Important COVID-19 update – Visitor restrictions apply
Travellers need to keep up-to-date with where they can travel and which areas have been declared COVID-19 hotspots, as the COVID-19 situation in Australia is continually evolving.
The Jervis Bay Territory including Booderee National Park is subject to the Public Health Directions currently in place for the Australian Capital Territory. Please consult this list before travelling to Booderee National Park.
We want you to have a fantastic visit to Booderee National Park that’s memorable for all the right reasons. Here are our tips to help you stay safe, particularly near waterways!
Cave Beach is listed by Australian Geographic as one of the best secluded camping areas in Australia. It is a great surfing spot and is just a few minutes along the main trail from the Cave Beach car park.
Bherwerre Beach is a long, south-facing ocean beach that is also approached from the Cave Beach car park.
Ranger Martin talks about Cave Beach and surfing in one of our podcasts (download the podcast (MP3 – 3.27 MB)).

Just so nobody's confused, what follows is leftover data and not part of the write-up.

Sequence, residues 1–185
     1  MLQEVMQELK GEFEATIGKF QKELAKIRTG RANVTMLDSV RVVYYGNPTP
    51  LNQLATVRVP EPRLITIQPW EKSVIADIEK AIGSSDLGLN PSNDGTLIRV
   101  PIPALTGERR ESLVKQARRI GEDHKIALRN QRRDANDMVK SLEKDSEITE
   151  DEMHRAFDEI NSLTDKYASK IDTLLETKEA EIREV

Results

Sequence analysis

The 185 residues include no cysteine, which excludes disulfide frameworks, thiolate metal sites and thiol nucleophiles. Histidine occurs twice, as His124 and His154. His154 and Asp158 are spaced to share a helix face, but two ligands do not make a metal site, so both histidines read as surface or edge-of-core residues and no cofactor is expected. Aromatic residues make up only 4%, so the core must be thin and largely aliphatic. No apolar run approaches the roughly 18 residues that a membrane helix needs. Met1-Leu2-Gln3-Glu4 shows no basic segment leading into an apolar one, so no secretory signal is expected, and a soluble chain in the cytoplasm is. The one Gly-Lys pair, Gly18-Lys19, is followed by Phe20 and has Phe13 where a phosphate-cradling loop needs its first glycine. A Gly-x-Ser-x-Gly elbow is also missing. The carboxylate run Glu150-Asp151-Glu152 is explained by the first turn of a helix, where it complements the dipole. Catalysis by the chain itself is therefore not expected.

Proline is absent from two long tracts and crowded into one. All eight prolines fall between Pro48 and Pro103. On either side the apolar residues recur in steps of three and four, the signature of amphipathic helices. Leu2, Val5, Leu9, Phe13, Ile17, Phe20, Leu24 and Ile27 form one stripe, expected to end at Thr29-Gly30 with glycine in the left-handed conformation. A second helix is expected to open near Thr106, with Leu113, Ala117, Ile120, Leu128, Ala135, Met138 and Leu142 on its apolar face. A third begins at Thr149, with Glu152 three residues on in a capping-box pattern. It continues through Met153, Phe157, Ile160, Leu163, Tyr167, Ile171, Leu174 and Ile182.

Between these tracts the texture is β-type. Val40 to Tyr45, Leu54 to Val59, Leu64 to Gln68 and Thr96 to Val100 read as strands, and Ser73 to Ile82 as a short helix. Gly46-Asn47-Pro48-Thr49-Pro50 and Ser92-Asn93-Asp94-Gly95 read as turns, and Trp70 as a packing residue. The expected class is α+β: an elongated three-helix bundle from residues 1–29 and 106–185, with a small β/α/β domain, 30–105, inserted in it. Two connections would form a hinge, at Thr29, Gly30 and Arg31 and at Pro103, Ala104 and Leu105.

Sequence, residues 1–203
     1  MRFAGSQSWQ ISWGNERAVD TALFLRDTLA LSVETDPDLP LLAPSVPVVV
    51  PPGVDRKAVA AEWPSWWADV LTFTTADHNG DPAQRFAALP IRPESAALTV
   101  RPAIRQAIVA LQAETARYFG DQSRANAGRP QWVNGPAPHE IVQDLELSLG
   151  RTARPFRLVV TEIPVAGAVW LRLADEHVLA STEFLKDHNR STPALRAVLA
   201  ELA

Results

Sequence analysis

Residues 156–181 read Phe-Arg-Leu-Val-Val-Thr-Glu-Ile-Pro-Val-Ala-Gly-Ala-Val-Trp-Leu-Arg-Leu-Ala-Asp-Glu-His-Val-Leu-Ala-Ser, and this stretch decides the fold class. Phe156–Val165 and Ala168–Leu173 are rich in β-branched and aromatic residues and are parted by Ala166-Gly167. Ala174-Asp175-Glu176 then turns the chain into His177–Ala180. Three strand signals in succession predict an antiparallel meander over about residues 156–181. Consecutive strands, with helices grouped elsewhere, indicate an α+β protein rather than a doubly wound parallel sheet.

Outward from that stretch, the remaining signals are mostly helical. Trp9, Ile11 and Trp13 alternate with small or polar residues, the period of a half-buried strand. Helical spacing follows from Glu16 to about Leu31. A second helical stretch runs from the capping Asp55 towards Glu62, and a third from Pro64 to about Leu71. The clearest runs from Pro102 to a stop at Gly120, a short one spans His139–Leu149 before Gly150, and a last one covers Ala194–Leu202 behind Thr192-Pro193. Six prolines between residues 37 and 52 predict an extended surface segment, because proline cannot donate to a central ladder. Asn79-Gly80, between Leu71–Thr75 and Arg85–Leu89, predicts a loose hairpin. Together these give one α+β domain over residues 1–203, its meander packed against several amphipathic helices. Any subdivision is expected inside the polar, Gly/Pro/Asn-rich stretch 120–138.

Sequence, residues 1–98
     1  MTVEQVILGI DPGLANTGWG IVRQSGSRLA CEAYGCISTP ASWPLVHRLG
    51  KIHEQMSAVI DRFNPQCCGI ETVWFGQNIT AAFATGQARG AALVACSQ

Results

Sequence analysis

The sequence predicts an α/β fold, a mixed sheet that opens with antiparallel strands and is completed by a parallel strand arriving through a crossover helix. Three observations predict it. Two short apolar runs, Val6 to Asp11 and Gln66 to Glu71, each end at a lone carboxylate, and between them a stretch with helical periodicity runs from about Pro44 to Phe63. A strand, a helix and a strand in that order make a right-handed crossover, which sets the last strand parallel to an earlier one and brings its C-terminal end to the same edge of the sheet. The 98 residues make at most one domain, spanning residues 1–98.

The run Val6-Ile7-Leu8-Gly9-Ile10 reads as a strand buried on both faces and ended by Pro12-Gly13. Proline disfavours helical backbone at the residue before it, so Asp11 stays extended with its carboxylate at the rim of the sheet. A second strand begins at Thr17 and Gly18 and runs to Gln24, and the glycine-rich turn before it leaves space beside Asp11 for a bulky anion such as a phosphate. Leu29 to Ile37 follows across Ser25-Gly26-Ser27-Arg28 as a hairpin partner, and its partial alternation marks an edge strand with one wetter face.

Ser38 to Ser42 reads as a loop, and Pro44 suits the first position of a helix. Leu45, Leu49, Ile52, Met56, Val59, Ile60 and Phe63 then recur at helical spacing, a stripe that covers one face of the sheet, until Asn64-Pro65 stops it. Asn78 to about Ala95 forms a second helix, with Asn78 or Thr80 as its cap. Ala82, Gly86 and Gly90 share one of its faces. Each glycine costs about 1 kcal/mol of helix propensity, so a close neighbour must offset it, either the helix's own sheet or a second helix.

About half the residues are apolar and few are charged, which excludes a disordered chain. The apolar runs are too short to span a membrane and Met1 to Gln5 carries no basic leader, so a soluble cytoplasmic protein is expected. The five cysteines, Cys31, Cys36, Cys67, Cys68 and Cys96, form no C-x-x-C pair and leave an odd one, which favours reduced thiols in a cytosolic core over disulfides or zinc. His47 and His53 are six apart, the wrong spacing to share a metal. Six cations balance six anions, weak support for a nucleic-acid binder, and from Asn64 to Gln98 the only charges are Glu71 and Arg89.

Cave Beach camping area to Bherwerre Beach
Take the main trail from the car park to the camping area. On the western side of the camp area is a trail that leads around Ryans Swamp to Bherwerre Beach.
Ryans Swamp attracts many waterbirds such as swamp hens, egrets and ducks. It is also home to numerous frogs, snakes and turtles.
600 m one way, 10 minutes
Cave Beach car park to Bherwerre Beach via fire trail
To complete a circuit, walk to Bherwerre Beach via Ryans Swamp, then take the fire trail back to Cave Beach Road from Bherwerre Beach.
The fire trail leads you across sand dunes that were revegetated with bitou bush in the late 1960s. Since then, this plant has become a major weed and is a threat to all of the NSW coast. In the deeper soils tall blackbutt forest replaces the dune vegetation.
1.9 km return, 45 minutes
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